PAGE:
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Journal Article

Sex and Solidarity, 1980-1990

John Stanley
Canadian Slavonic Papers / Revue Canadienne des Slavistes
Vol. 52, No. 1/2 (March-June 2010), pp. 131-151
Published by: Taylor & Francis, Ltd.
Stable URL: http://www.jstor.org/stable/40871520
Page Count: 21
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Sex and Solidarity, 1980-1990
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Abstract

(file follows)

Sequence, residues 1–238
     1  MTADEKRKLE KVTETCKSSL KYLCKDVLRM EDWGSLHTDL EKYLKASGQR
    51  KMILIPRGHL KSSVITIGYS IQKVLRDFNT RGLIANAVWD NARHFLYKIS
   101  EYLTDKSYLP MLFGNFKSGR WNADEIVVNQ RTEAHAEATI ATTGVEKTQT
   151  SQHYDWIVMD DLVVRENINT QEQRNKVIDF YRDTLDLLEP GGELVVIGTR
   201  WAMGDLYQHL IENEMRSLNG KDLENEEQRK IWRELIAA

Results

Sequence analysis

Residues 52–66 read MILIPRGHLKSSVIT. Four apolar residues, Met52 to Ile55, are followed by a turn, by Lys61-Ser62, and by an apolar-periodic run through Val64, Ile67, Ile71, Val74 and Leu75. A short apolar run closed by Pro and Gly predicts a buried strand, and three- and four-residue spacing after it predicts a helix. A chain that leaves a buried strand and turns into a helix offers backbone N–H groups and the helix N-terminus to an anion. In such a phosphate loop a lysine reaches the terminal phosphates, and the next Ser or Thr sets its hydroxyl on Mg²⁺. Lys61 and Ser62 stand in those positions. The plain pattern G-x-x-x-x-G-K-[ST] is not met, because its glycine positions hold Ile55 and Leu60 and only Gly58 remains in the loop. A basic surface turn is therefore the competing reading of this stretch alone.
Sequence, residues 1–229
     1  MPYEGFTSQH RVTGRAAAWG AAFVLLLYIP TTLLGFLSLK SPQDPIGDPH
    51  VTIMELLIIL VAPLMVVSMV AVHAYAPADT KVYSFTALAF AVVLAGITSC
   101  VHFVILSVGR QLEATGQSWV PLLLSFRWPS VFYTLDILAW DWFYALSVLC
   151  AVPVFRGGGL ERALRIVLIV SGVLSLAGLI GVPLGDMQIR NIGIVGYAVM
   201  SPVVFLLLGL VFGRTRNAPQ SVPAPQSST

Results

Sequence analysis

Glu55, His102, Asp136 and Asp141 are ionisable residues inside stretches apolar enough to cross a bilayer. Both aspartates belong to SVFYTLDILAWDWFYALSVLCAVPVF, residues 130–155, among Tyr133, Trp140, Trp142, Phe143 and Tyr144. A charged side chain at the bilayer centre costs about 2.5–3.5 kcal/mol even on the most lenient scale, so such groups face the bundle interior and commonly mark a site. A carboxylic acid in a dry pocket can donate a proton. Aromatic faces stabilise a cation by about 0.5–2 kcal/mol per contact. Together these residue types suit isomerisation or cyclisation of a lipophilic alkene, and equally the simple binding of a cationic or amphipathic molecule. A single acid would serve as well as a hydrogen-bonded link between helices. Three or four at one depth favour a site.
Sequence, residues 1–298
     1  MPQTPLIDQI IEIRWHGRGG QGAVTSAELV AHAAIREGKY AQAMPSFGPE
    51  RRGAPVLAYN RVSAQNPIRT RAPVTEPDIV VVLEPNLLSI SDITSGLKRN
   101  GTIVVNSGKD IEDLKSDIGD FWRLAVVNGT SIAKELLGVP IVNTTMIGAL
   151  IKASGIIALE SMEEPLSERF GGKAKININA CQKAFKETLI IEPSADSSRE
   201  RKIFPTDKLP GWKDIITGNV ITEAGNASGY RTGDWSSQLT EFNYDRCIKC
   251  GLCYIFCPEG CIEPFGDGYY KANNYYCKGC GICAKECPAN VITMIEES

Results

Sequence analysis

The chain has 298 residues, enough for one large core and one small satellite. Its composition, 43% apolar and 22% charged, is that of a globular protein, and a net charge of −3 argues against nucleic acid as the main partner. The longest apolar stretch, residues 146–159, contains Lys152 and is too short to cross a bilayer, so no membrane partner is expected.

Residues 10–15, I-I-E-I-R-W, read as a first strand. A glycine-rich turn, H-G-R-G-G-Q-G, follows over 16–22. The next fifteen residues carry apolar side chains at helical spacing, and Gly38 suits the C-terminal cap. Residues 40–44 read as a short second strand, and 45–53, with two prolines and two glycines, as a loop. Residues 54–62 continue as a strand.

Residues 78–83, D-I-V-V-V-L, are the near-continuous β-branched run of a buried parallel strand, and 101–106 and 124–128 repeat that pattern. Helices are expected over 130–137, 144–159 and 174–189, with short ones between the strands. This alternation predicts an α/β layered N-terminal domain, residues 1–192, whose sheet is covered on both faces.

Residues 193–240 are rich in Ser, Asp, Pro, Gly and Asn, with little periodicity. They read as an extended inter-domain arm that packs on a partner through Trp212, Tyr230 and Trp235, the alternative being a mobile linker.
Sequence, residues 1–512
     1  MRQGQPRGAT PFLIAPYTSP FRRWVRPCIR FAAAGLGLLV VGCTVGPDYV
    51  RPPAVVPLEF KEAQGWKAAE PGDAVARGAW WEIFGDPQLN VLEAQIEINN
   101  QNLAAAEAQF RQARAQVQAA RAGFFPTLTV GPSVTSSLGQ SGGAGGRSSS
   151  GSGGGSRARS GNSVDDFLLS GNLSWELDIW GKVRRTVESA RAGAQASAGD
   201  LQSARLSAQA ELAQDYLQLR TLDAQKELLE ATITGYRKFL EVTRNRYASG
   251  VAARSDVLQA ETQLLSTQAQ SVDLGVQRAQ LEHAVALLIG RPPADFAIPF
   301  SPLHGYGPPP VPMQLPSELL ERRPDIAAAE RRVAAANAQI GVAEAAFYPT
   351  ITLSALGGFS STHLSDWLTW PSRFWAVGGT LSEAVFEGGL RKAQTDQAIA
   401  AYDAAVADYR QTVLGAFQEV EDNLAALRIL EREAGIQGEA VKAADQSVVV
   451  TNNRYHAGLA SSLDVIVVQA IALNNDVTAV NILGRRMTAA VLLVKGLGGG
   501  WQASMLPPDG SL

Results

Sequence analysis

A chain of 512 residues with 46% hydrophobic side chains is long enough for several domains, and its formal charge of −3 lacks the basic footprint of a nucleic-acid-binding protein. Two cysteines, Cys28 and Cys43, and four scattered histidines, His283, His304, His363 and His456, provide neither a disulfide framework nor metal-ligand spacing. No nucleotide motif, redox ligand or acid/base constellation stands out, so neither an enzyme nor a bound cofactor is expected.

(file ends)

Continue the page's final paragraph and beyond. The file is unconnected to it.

Solidarity was the most important attempt to transform Communist Poland since World War II. Although it was a liberation movement, it did not initially touch on sexual politics. However, when the movement was made illegal in 1981, it found its most important ally in the Roman Catholic Church. As a result, Solidarity was drawn into sexual politics, assuming a stance similar to that of the Roman Catholic Church, alienating some supporters and puzzling others. Given Solidarity's illegal status, it was necessary to take positions that would not estrange its important supporter.

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